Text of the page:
Missing my mother, one broken salt shaker at a time…

I miss my mother, I literally ache for her.

During our move one of our salt shakers broke, and it just happens to have formally belonged to my mother.

The minute that random porcelain piece hit our counter top I burst into tears.

I don’t know a thing about this salt shaker, other then it belonged to my mom, and it is therefore priceless.  I’ve put everything ever touched by that woman onto such a pedestal that I barely breath when I’m near one, and yet I managed to break this one.  One hundred percent my fault.

I’ve been hoarding every tiny piece for a couple of weeks now, and last night I made the rather difficult decision to formally part with it’s shards.

I threw it away, and I bawled like a baby.

(I’d already glued it back together once, so it wasn’t really functional, but parting with it kills me.  I’m keeping the matching pepper shaker, forever.  Period.)

I know that my mother does not somehow exist in these little trinkets and dishes, but each time I break or misplace one it feels like I lose a part of her all over again.

It sounds cliche, but my mom really was my best friend.  I simply can’t believe how long it’s been since I last spoke to her.

8 years…

Boggles my mind.

I wish I could ask her where she got these shakers, or why she kept them for so long.

I wish my mom had been around when I was pregnant.

I wish she could meet my babies.

I hate that these beauties are going to be raised in a world in which she doesn’t physically exist.

But, when I start to get really sad I have to remind myself that I will see her again someday.

And in the mean time I can look at my blonde-haired, blue-eyed babies, my forever reminders of my mother’s gorgeous genes, and know that even though she’s no longer on earth, she lives on in my kids.

I can’t allow myself to reduce my mother’s memory to nothing more than random nicknacks.  Her legacy is so much more than that, and will reach through the generations of our family.

And I don’t need a salt shaker to remember her.  She’s engrained into my soul.

So, while I do look forward to being reunited with my mom with GREAT anticipation, I am also desperate to cherish every moment I have on this earth.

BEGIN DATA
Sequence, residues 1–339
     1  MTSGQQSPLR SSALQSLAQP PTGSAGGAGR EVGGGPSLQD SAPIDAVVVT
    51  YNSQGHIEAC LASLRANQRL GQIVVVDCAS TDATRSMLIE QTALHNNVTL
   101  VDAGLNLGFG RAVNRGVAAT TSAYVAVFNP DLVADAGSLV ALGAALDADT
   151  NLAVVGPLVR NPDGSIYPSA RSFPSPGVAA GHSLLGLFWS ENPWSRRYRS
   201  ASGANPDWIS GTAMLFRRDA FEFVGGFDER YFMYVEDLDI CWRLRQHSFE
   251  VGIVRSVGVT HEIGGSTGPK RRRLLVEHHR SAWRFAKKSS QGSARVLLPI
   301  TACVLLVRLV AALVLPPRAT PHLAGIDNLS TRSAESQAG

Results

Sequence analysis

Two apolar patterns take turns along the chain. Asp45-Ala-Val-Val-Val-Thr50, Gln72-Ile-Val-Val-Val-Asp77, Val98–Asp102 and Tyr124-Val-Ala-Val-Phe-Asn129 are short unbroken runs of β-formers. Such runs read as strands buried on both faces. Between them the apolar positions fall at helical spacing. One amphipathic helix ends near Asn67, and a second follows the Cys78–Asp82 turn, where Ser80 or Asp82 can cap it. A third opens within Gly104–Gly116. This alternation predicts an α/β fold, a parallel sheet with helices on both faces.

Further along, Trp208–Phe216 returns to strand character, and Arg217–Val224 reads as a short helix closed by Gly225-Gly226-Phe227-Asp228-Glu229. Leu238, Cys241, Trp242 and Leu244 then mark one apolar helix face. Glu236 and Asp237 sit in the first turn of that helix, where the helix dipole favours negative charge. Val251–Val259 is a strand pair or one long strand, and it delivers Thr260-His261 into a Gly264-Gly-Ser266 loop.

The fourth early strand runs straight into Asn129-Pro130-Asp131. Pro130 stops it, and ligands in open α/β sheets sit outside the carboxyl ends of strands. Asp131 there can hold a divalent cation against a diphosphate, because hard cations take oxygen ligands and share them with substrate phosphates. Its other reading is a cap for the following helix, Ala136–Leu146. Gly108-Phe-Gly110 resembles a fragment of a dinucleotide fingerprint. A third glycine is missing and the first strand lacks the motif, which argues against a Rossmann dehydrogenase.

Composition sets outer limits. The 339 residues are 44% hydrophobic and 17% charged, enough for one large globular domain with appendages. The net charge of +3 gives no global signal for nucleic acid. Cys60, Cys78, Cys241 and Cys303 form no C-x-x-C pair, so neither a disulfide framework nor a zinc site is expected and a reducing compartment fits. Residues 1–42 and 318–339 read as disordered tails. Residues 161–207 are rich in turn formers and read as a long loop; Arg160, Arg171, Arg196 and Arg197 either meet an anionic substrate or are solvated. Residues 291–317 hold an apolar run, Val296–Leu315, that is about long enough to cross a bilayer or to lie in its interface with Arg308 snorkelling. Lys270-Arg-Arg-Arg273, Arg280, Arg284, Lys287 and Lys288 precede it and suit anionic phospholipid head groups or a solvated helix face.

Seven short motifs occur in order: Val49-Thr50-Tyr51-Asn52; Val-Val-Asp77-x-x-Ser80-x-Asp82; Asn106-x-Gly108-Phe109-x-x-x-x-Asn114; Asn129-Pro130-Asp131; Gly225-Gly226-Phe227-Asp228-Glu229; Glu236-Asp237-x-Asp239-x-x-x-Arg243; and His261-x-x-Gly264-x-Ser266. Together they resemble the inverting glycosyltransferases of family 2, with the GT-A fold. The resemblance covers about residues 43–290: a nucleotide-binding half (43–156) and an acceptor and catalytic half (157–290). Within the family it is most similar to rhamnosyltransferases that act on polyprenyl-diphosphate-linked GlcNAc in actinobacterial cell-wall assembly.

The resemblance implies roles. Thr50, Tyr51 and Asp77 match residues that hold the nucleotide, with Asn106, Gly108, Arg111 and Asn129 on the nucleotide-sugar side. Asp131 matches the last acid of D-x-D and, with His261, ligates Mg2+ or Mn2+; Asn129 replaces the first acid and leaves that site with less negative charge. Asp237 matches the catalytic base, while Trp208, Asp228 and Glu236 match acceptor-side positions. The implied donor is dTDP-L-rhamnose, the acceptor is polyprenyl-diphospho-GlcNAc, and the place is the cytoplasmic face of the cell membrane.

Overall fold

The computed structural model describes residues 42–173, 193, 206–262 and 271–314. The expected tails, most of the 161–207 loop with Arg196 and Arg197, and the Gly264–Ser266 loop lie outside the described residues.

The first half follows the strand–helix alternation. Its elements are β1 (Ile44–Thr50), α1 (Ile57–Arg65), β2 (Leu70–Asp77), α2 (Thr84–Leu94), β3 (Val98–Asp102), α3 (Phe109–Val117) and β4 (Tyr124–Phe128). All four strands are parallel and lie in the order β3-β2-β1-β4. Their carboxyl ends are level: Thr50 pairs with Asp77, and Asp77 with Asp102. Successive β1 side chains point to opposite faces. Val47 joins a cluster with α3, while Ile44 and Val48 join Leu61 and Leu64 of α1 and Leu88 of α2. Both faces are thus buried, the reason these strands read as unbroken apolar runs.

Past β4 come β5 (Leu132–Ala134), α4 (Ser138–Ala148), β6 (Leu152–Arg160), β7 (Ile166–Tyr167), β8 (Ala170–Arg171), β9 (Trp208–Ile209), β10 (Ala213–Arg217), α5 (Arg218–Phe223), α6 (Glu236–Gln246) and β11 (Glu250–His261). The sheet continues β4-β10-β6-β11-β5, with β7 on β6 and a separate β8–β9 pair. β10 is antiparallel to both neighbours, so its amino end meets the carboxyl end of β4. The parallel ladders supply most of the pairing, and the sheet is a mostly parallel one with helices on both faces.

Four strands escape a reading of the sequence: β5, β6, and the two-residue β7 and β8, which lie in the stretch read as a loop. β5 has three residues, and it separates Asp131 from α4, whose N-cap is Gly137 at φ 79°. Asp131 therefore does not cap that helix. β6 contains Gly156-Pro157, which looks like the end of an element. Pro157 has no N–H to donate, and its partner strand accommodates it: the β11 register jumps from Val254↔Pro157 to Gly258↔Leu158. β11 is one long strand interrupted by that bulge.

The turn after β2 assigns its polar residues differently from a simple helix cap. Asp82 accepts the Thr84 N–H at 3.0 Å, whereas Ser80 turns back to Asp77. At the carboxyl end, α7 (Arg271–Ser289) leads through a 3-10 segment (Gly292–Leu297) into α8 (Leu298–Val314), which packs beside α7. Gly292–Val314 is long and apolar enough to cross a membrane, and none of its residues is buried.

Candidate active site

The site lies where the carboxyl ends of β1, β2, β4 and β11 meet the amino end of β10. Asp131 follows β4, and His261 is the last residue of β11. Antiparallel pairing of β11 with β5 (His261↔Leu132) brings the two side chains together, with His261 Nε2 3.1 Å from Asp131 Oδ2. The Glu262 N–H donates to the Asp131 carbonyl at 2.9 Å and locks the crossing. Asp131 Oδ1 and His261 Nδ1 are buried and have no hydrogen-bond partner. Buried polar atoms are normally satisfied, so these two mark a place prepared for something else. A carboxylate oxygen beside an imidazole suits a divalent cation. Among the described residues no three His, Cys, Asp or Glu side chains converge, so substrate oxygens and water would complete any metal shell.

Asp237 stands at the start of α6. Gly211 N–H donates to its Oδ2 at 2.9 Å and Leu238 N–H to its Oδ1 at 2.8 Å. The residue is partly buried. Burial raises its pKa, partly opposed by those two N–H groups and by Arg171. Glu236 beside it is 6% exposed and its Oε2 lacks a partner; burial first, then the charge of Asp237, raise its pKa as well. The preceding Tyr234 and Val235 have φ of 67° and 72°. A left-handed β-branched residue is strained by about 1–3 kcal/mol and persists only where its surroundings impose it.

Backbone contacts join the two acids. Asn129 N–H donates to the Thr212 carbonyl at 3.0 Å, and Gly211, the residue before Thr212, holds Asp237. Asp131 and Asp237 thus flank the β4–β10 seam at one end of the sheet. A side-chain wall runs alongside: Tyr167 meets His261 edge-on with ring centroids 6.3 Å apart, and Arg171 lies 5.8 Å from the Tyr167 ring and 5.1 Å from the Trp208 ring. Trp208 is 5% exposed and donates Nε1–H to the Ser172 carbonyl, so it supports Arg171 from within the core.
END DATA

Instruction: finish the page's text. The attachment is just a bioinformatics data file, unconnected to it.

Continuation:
If my parents have taught me anything it’s that life is both short and unpredictable.

Let’s make it count.

About trinakhobbs

http://instagram.com/frijolehobbs
This entry was posted in Blessings, Children, Parenting woes and tagged , . Bookmark the permalink.

2 Responses to Missing my mother, one broken salt shaker at a time…

  1. Pingback: Broken but Cherished | habitual metamorphosis

  2. ShermanHuff says:

    Trina, Sherman Huff again. Thanks for giving me access to your blogs. Just read the one about your Mom and your decision to give up drinking. You r so right about how it affects children. My Dad was a heavy drinker when I was a kid but only on Saturday nights. He never beat me or my Mom, he never missed a day of work and he never spent all of our money. In fact he would give his paycheck to my Mom and only keep a few dollars for himself and he quit drinking as far as I know when I was nine. So logically it really should not have affected me but it did. I came to believe I had to please everyone to b loved and b happy so I was either real happy or real down depending on how I perceived I was being viewed by the people I loved. Finally at 42 years of age I emotionally collapsed and wound up in a treatment center diagnosed with severe depression and co-dependency. I have now been in al anon for 27 years and that and my faith in God keeps me level. I know that in reality there is nothing wrong with alcohol per se but based on my experience I just think it is better to stay away from it. I also believe that those of us who have or have had alcohol abusers in our family or more likely to have the alcoholic gene in us and r therefore more susceptible to becoming alcohol abusers. Thanks for your honest sharing and congrats on your decision.

Leave a Reply

Fill in your details below or click an icon to log in:

WordPress.com Logo

You are commenting using your WordPress.com account. Log Out / Change )

Twitter picture

You are commenting using your Twitter account. Log Out / Change )

Facebook photo

You are commenting using your Facebook account. Log Out / Change )

Google+ photo

You are commenting using your Google+ account. Log Out / Change )

Connecting to %s